Then, in 2009, Buhring reconnected on Facebook with anadventure guide named Hendri Coetzee. They’d first met in Uganda, where they’dhad a short, intense affair, but this time they couldn’t let go. “There was nota day when we didn’t chat, Skype, or call,” recalls Buhring. “We finallyreached a point where we were like, ‘Let’s give this a go. There’s somethinghappening here.’” They decided to meet up for New Year’s 2011 in Uganda.Buhring booked her ticket and counted the days, as Coetzee kayaked in theCongo. But on December 8 she logged on to Facebook to see her feed flooded withtributes to him. A crocodile had lunged out of the river and dragged himunderwater to his death. His body has never been found.
Despite all that she’d been through, losing Coetzee “wasthe one blow I didn’t want to come up from,” Buhring says. Reckless with grief,she signed up for a race to cycle around the world to raise money and awarenessfor her charity, which had merged with the Safe Passage Foundation. She had notraining, no teammates—she’d be on the road completely alone. Everyone told hershe was insane. “This wasn’t about being strong,” she says. “It was aboutescaping.” On July 23, 2012, after working with a coach for only six months,she took off from Naples, never expecting to make it back. At times she wasmiserable. She rode through a cyclone in India “covered in mud and human dung—Iwas sick, constantly wet, and mobbed by men,” she says. “But it never occurredto me, Oh, you could just stop. I’m too proud.”
And in those 144 days of punishing cycling over 18,000miles, something unexpected happened. Buhring, who had always felt so alone inlife, found herself forced to rely on the kindness of strangers, and they camethrough. “People were amazing,” she says. “I stopped feeling like everyone hadit out for me.” By the time she pedaled around the globe—the journey shedescribes in her new book, This Road I Ride, out in May—she knew she had tokeep going. “I had been such a stunted child in a tiny world; I just wanted tomake up for all of that lost time,” she says. “I wanted to do everything.”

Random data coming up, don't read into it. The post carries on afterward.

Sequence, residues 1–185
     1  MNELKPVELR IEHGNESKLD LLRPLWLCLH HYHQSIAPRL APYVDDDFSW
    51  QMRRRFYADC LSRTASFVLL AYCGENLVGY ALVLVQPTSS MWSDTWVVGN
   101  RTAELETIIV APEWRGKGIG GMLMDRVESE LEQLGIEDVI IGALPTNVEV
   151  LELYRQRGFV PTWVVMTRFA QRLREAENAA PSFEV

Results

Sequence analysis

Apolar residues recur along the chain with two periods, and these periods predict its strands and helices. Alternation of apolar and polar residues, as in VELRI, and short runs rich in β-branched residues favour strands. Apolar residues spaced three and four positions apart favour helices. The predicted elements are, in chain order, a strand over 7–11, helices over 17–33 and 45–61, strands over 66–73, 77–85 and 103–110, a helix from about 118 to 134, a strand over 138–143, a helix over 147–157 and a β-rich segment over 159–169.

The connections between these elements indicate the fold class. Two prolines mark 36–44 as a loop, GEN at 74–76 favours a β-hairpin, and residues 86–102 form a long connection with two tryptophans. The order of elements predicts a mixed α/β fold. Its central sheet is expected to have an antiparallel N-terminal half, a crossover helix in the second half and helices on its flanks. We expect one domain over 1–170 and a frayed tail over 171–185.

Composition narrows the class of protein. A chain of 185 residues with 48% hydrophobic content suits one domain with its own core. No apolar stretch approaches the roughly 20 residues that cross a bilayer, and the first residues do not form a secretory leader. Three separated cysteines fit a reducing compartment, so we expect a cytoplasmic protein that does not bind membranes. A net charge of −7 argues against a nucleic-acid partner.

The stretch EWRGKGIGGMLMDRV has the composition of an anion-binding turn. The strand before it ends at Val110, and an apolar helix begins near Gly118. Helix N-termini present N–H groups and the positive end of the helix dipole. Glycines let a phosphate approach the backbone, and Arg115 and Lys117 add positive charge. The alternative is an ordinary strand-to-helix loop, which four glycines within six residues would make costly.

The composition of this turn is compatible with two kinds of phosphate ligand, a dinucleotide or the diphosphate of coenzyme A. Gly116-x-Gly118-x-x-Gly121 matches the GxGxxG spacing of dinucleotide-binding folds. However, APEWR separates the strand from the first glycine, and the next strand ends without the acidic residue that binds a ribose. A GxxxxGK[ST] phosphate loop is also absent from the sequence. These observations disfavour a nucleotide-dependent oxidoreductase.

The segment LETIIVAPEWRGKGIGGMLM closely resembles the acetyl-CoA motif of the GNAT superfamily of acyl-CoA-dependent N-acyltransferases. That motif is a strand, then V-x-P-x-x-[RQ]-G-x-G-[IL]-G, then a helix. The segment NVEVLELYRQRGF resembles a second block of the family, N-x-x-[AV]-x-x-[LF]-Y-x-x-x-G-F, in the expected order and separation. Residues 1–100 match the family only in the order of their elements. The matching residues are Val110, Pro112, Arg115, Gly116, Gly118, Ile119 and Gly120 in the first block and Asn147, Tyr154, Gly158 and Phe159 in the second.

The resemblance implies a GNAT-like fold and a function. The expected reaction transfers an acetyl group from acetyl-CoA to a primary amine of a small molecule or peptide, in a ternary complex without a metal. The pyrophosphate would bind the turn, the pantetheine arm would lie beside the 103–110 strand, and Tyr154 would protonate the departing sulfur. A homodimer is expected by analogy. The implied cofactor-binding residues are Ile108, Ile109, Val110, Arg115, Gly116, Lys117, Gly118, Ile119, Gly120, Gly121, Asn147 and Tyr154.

She’s certainly on her way. In 2013 she became the onlywoman to attempt the first transcontinental race from London to Istanbul andfinished ninth overall. The next year she took first place for women in theTrans Am Bike Race, although she needed a wheelchair to board her flight home.(“I was f—ing winning that race,” she says.) “The last three days,” says hercoach, ultradistance rider Billy Rice, “she went without sleep. That’s huge.She is the most determined person I’ve ever met.”
So far Buhring has raised more than $20,000 for SafePassage: The money will cover things like travel for those trying to leavecults and college tuition to help start a new life. “They need advice on how toset up a bank account, pay rent—things you don’t learn when you’re growing upin a cult,” she says. She’d also like to erase the stigma that “ex-kids” aredamaged: “Many are ashamed about their pasts, but I’ve seen people who come outsuperstrong.”
As she hunkers down, dead set on smashing a new record inthe Race Across America in June, Buhring pauses to consider her own toughhistory. “Hendri would often say, ‘The strongest metals have gone through thehottest fires.’ And I now know that’s true,” she says. “When you think youcan’t go any further, you always can.”
Helen Rumbelow is a feature writer at The Times inLondon.